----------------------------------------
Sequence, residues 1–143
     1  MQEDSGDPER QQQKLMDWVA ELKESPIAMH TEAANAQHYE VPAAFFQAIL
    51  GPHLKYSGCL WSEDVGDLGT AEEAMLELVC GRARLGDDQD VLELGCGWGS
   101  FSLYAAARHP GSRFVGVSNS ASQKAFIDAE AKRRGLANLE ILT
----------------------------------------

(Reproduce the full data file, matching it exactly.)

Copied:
Sequence, residues 1–143
     1  MQEDSGDPER QQQKLMDWVA ELKESPIAMH TEAANAQHYE VPAAFFQAIL
    51  GPHLKYSGCL WSEDVGDLGT AEEAMLELVC GRARLGDDQD VLELGCGWGS
   101  FSLYAAARHP GSRFVGVSNS ASQKAFIDAE AKRRGLANLE ILT